PHOENIX — The number of annual heat-related deaths has jumped since 2016 and experts hope to minimize the trend as temperatures rise once again.
They want Arizonans to re-frame how they view the heat.
“When we talk about children drowning, it starts to happen around April and May as well,” said Dr. Andrew Carroll, a Chandler physician.
“It’s (a drowning) tragic. It breaks our hearts and firefighters tell horrible stories. But we also need to focus on this other tragedy that happens this same time of year.”
Heat deaths continue to rise
Carroll is among a growing number of health and climate experts who want to make heat deaths more prominent in the collective conscience of the greater Phoenix community.
Before 2016, the highest number of annual heat-related deaths reported by Maricopa County was 110.
Since 2016, the numbers have gone up each year, from 154 in 2016 to 336 deaths in 2020.
“The simple fact that the numbers are so high suggests that our community-level risk preparedness is not where it needs to be,” said David Hondula, a researcher with ASU’s Urban Climate Research Center.
Considering new ways to respond to heat
Hondula said Arizona decision-makers must consider new forms of emergency response, cooling centers, and long-term solutions like infrastructure changes.
Hondula said he is encouraged by a city of Phoenix trial budget proposed last month which includes $3 million for a first-of-its-kind heat mitigation and response department.
“Just the idea that they’re willing to invest in dedicated personnel to think about this topic full-time is a huge step forward for our region,” Hondula said.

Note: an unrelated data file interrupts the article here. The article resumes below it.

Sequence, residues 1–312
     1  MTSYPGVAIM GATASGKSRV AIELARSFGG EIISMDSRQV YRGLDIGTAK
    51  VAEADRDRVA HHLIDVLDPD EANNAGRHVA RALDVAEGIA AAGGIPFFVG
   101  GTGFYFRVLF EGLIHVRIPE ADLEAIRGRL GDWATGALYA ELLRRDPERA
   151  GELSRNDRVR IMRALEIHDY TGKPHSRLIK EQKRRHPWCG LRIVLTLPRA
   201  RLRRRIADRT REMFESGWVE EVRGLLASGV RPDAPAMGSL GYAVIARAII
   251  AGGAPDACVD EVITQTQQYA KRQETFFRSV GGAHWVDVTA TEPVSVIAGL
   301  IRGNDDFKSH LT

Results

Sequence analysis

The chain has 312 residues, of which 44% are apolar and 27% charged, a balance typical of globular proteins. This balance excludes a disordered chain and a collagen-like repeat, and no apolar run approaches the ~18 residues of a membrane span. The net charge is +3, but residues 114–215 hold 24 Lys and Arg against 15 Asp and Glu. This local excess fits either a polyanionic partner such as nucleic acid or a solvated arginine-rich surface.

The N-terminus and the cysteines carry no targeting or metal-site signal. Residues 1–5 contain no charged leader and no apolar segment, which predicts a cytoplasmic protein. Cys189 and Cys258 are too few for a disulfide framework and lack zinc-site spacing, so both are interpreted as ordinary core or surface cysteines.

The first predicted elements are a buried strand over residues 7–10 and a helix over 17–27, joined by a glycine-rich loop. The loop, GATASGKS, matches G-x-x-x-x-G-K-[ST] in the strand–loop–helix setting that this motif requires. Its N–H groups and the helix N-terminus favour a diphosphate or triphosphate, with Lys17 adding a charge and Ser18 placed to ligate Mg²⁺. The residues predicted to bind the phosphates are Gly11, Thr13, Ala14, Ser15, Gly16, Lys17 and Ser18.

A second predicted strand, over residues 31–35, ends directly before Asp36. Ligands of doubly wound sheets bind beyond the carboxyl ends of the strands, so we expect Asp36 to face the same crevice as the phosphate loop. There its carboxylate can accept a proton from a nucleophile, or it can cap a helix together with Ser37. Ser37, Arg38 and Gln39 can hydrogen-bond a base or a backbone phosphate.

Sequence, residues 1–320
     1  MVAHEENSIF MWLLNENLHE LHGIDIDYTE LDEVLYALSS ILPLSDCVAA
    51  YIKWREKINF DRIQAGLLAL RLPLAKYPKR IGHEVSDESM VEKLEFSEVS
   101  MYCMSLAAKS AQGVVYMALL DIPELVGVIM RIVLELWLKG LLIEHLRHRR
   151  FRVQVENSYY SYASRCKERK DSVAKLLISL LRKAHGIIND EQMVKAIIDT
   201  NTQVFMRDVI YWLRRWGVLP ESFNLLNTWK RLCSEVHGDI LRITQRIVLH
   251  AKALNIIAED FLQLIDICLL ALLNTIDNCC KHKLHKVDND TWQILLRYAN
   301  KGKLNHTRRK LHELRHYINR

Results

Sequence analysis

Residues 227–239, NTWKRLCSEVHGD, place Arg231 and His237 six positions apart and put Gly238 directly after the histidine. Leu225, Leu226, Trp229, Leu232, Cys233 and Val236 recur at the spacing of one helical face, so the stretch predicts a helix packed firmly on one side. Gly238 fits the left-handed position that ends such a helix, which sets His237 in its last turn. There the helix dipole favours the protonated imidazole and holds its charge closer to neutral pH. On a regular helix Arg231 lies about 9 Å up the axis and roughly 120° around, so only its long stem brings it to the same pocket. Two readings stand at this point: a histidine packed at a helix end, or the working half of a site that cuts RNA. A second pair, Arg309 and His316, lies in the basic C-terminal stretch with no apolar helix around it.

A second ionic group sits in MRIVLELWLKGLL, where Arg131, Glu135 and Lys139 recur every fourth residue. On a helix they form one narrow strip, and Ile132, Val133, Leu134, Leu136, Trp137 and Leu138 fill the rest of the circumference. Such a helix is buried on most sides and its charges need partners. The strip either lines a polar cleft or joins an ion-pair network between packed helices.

The Corporation Commission is currently debating what kind of rules should be in place to prevent APS from disconnecting power to homeowners during the summer months. Two commissioners are pushing for a new low mark threshold of 90 or 95 degrees.
“Whatever threshold is set by science, not by politicians is the number that we should be using,” Carroll said.
Older adults are especially vulnerable
Carroll has seen first-hand the deadly results of heat exhaustion in older adults.
“As we age our ability to manage things like thirst, hunger, body temperature, get impeded just because our brains don’t work as well,” Carroll said.
“They may think they have the ability to wade it out, think they can tough it out like they used to when they were younger. But they can’t. It’s crucial these folks have the ability to cool their homes, especially this time of year.”
Hondula says now is the time to prepare for the upcoming hot temperatures. Get your AC tuned up and consider making sure your elderly neighbors have their air conditioners properly maintained, Hondula said.
About 40% of heat-related deaths occur indoors, Hondula said.